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Elder Law

Elder law is a growing area of practice as issues involving aging and the elderly are becoming more prominent. The elder care attorneys at One Law Group, S.C. are frequently consulted to assist inestate planning, financial planning, health care, and housing issues. Making smart decisions ahead of time about the future allows seniors to live out their golden years free from stress and uncertainty. Knowing their affairs have been settled and the surviving family members will be taken care of will bring peace of mind.Seniors and their families can count on One Law Group, S.C. attorneys to offer sound legal advice and guide them through the complex legal processes they may have to deal with.If you wish to begin making important decisions regarding your future contact One Law Group, S.C.

Other areas where you may need to consult an elder law attorney would be when you are considering a will and/or trust, advanced health care directives, powers of attorney, guardianship and medical assistance planning.


For a brief video from the National Elder Law Foundation click here.

Frequently Asked Questions

What is Elder Law?
Elder Law is a term that has been coined to encompass the body of law regarding the aging population. It is an area of law that has seen significant growth as the baby boomer generation ages.

Some areas elder law covers include:
  • Social Security retirement and disability, Medicare and Medicaid
  • Long term care, nursing home abuse, elder abuse, insurance
  • Guardianship, powers of attorney, estate planning, wills and trusts
  • Reverse mortgages, life estates, gift taxes, probate, age discrimination and forced retirement.

What is a will?
A will is a legally-binding statement directing who will receive your property at your death. It also appoints a legal representative to carry out your wishes. However, the will covers only probate property. Many types of property or forms of ownership pass outside of probate. Jointly-owned property, property in trust, life insurance proceeds and property with a named beneficiary, such as IRAs or 401(k) plans, all pass outside of probate.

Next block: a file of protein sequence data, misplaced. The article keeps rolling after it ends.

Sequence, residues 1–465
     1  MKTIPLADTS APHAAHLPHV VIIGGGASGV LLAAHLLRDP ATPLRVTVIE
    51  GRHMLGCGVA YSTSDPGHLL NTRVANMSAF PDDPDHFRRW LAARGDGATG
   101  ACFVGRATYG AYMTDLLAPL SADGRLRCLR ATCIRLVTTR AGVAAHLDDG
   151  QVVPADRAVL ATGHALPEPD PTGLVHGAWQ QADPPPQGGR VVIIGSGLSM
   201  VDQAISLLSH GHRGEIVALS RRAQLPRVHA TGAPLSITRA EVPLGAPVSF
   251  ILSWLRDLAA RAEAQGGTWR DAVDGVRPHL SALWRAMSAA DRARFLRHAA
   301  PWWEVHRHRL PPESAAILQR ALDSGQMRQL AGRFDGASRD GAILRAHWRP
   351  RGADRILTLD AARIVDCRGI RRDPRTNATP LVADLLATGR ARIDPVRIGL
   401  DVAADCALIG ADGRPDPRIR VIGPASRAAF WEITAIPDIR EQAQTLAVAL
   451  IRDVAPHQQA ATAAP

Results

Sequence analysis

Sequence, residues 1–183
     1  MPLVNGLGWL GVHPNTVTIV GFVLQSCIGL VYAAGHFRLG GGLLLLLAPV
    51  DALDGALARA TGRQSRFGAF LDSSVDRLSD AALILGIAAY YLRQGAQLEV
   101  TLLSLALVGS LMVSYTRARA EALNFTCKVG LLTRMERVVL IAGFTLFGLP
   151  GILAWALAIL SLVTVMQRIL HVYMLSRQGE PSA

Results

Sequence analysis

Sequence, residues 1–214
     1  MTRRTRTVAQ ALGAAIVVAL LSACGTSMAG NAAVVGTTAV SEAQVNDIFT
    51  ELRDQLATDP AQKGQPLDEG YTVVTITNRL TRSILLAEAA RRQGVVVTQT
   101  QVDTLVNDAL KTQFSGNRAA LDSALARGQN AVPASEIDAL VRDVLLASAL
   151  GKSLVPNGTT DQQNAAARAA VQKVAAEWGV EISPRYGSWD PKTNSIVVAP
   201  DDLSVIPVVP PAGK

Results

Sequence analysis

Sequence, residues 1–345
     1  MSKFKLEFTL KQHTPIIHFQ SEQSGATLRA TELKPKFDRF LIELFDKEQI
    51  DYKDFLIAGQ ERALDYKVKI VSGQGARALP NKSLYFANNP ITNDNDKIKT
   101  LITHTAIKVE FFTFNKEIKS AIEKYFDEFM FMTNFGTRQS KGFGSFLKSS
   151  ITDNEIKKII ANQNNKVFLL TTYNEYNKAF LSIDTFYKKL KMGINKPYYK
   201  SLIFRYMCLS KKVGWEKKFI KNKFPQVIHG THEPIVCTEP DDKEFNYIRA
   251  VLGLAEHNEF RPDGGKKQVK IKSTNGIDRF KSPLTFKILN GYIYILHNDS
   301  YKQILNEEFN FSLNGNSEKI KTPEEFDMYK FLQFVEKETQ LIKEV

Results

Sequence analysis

Why would I need a guardian or conservator?
Every adult is assumed to be capable of making his or her own decisions unless a court determines otherwise. If an adult becomes incapable of making responsible decisions, the court will appoint a substitute decision maker, often called a "guardian," or sometimes called a "conservator". Guardianship is a legal relationship between a competent adult (the "guardian") and a person who, because of incapacity, is no longer able to take care of his or her own affairs (the "ward").

A guardian is authorized to make legal, financial, and health care decisions for the ward. Depending on the terms of the guardianship, the guardian may or may not have to seek court approval for various decisions.

Some incapacitated individuals can make responsible decisions in some areas of their lives but not others. In such cases, the court may give the guardian decision making power over only those areas in which the incapacitated person is unable to make responsible decisions (a so-called "limited guardianship"). In other words, the guardian may exercise only those rights that have been removed from the ward and delegated to the guardian.

What is an advance directive?
The term "Advance Directive" refers to treatment preferences and the designation of a surrogate decision-maker in the event that a person should become unable to make medical decisions on her or his own behalf.

Advance directives generally fall into three categories: living will, power of attorney, and health care proxy.

What is a health care power of attorney?
A health care power of attorney allows you to appoint someone to make health care decisions for you. A health care power of attorney is different from a living will, which only allows you to express your wishes concerning life-sustaining procedures.

Having a health care power of attorney does not cancel your right to give medical direction to physicians and other health care providers when you're able to do so. A health care power of attorney only becomes effective when you do not have the capacity to give, withdraw, or withhold informed consent regarding your health care.

A power of attorney must be signed by the person granting the authority and that person must be mentally competent at the time of the signing in order to make the document legally binding.

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